A review of Never Alone.
This native Alaskan game hits the stores as of today. We take an exclusive look at gameplay in our official review of Never Alone.
Never Alone, or Kisima Innitchuna in the proper tongue, is finally available to play! We’ve covered this game at EGX, and again in a preview last week. Now, having played the game in it’s entirety, we can tell you it really is something to look out for! The mythological elements brought in from real Iñupiaq folk tales are simply lovely and so intense, especially from within the beautifully-designed game environment, which replicates tundra, snowscapes, iceberg-filled oceans and Northern Light displays so vividly you’ll come away feeling like the Alaskan environment is as rich as a rainforest. Every image in this article, save for one documentary photo, has come straight from in-game screenshots.
With a storyline that can be completed in just 3 – 4 hours of gameplay, it’s perfect for those who don’t have a lot of time on their hands. The gameplay itself is relatively simple, although there were a few boss battles and tricky manoeuvres that required a lot of retries to get right. There is an extra element of urgency added; oftentimes the simplicity is irrelevant when you’re doing something like getting chased by a polar bear, which requires you to take many leaps into the unknown and ‘get it right’ while on the clock. And if either the girl or the fox dies, it’s curtains for both of you.
The nice thing is that you don’t lose out too much when this happens; dying simply takes you back to the last checkpoint. Driving forth the story is the game’s main priority, so I’m glad they didn’t lose focus by penalising the player too much regarding character death. The scrolling platformer style is similar to Limbo, in terms of both atmospheric depth, focus on survival, and limitless death, but differs in its focus on community and teamwork.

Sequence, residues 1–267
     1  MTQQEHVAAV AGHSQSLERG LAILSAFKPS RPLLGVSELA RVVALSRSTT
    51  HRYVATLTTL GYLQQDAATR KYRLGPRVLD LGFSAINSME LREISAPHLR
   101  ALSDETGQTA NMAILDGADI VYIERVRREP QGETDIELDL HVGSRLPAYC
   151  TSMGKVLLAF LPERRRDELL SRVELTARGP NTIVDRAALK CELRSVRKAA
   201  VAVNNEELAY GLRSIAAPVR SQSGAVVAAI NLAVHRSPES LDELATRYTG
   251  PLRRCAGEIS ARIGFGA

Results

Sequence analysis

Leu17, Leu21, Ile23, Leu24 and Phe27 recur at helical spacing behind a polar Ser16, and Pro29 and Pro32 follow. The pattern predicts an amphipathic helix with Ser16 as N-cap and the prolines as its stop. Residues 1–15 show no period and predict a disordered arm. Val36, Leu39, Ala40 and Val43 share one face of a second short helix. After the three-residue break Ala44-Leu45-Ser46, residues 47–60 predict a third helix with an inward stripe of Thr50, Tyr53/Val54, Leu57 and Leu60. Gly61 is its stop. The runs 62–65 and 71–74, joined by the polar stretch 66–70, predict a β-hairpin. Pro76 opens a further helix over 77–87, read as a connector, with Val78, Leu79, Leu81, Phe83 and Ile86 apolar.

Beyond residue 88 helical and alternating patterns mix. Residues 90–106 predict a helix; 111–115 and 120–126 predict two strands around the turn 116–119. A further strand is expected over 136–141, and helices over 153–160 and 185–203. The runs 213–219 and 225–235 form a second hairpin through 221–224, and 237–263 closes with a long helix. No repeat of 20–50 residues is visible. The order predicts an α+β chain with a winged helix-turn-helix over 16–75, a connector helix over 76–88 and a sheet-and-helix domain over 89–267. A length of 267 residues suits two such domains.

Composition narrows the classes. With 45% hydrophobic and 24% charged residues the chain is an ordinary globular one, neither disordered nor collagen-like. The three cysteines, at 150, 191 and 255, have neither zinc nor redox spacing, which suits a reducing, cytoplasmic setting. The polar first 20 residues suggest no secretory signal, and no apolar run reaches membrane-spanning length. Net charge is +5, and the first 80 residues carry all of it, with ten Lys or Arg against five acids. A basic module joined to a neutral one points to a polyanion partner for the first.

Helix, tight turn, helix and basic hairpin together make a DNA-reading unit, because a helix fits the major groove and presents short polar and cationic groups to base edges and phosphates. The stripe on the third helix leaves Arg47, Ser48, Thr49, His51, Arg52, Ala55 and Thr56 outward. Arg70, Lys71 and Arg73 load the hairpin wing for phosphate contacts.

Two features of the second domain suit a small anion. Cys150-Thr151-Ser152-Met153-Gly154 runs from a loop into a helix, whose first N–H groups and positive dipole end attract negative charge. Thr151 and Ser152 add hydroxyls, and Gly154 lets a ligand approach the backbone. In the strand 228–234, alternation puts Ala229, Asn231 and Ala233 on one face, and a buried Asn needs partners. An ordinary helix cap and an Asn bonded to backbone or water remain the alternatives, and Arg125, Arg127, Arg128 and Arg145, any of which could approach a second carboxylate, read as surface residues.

The puzzles, which require the cooperation of both the girl and the fox (who you can switch between using the Y button) are immensely fun and at points remind me of the gameplay in Child of Light, with Aurora and her firefly companion solving puzzles and opening doors together. The difference is that significantly more emphasis is put on teamwork in Never Alone, and often while on the clock. One of the trickiest things I encountered was having the girl, Nuna, run away from a Manslayer, while simultaneously using the fox’s spirit powers to raise tree branches from her path. If you spend too much time as the fox, you run the risk of Nuna being caught and killed. If you spend too much time as Nuna, the fox has less time to lift the branches, resulting in a similar end.
The game has a two-player mode, which takes some of the stress off the players, but again, requires communication and timing. Either mode does not negate the fact that this game has an incredible emphasis on survival rather than fighting. While Nuna will gain a weapon, it’s mostly used tactically rather than to kill enemies. When enemies show up, the game replicates the reality of an Arctic environment which is: it’s best to avoid them. And of course, another bit of Arctic survival knowledge: never relax. Hungry enemies will track you for miles in reality, and you never know when that’s going to happen in the game, so be on your guard, and use your skills and the skills of your team to outsmart them.